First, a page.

When Are Crowns Used?

Teeth can begin to weaken over the course of time. They become prone to dental issues like decay, stains, and cracks. If you ever look in the mirror and feel that your smile has lost its luster, crowns can restore the beauty. Also, your dentist may notice during a checkup that a tooth is weakened by decay or some other damage. He may recommend a crown to protect the tooth from future damage. He will recommend a crown in those cases that a filling or bonding is not enough to resolve the issue.

What Options Are There with Crowns?

Crowns come in a variety of options depending on your situation and budget.

  • Crowns can be metal – This is most commonly used on baby teeth that will eventually fall out or on adult teeth that cannot be easily seen. While they are durable, they carry a metallic look that is undesirable to many patients.
  • Crowns can be porcelain fused to metal – This option works well for teeth that can be seen easily. It combines the strength of the metal with the natural look of porcelain on the outside.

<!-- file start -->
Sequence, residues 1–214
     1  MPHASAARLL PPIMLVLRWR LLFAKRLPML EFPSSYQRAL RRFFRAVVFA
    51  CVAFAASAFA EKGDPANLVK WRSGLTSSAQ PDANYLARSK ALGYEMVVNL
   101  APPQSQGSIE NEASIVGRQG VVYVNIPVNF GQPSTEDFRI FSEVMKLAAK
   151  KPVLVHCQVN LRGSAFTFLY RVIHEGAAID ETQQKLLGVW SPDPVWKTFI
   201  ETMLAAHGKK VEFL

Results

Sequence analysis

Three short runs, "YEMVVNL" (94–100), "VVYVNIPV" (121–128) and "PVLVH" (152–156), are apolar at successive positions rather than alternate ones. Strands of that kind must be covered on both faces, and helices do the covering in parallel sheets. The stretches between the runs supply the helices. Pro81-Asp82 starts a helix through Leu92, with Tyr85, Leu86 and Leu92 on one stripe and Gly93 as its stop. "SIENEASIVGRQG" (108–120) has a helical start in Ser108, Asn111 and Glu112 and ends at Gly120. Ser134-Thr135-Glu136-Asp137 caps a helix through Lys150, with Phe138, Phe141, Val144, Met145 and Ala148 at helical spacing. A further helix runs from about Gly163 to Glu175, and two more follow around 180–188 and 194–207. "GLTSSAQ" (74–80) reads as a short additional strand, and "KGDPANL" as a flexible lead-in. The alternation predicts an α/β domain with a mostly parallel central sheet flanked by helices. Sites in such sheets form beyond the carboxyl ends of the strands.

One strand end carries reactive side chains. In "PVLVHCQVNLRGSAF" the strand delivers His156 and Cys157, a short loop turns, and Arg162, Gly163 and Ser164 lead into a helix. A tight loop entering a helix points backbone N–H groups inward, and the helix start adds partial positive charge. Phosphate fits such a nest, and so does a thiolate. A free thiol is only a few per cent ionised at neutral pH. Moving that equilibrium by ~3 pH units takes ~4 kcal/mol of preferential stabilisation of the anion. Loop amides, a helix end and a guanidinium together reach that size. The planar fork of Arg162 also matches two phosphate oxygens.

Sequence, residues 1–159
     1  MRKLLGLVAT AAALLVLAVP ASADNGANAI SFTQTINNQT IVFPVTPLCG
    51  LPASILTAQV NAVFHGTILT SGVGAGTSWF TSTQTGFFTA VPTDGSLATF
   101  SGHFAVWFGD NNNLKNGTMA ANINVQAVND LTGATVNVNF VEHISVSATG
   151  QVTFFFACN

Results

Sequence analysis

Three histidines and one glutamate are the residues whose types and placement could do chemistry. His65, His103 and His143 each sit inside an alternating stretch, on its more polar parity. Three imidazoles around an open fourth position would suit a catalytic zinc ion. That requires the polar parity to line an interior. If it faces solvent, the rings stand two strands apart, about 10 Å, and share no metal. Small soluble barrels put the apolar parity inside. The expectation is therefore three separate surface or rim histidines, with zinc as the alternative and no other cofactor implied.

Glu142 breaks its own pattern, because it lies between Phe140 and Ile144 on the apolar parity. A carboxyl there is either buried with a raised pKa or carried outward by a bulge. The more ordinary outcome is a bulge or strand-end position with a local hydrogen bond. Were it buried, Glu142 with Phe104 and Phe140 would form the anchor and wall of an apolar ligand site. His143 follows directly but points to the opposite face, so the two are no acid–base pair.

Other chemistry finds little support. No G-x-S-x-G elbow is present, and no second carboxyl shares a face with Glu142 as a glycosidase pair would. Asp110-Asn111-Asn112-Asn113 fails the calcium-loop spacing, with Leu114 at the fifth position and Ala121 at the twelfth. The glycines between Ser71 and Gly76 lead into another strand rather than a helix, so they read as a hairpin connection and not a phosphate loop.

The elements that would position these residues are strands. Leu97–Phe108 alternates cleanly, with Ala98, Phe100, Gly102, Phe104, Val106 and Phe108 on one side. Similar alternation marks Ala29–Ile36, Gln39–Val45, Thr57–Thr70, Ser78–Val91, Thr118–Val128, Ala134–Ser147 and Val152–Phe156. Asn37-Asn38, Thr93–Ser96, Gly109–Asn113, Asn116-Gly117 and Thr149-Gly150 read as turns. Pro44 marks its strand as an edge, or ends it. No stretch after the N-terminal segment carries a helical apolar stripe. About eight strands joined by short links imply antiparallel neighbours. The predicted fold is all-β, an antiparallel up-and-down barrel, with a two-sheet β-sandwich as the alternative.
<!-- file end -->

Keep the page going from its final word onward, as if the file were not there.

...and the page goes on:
• Crowns can be porcelain – This is a common option for patients who want their teeth to look natural. The natural look of porcelain will easily blend in with other natural teeth.
  • Crowns can be gold – Gold crowns have two advantages. Its smooth surface is comfortable in the mouth. It also needs the least amount of tooth surface to be removed. For some patients, though, the aesthetics of a gold crown is too distracting.

What is the Process?

Installing a crown will take two or three appointments at the office. The first step involves filing some enamel off of the damaged tooth to allow the crown to fit over it. Your dentist will give you a local anesthetic for this step in order to eliminate your discomfort. Once the filing is complete, a mold will be made to use for creating the crown. You will be given a temporary crown while the permanent one is being made. Within two to three weeks, you will be back at the dentist to have the permanent crown placed over your tooth. Again, you will receive a local anesthetic to avoid any discomfort. The dentist will apply the crown with a special cement to ensure the crown stays in place permanently.

You will be happy to see your old smile in the mirror again. Crowns should last 10-15 years, and they should be cared for as well as your natural teeth.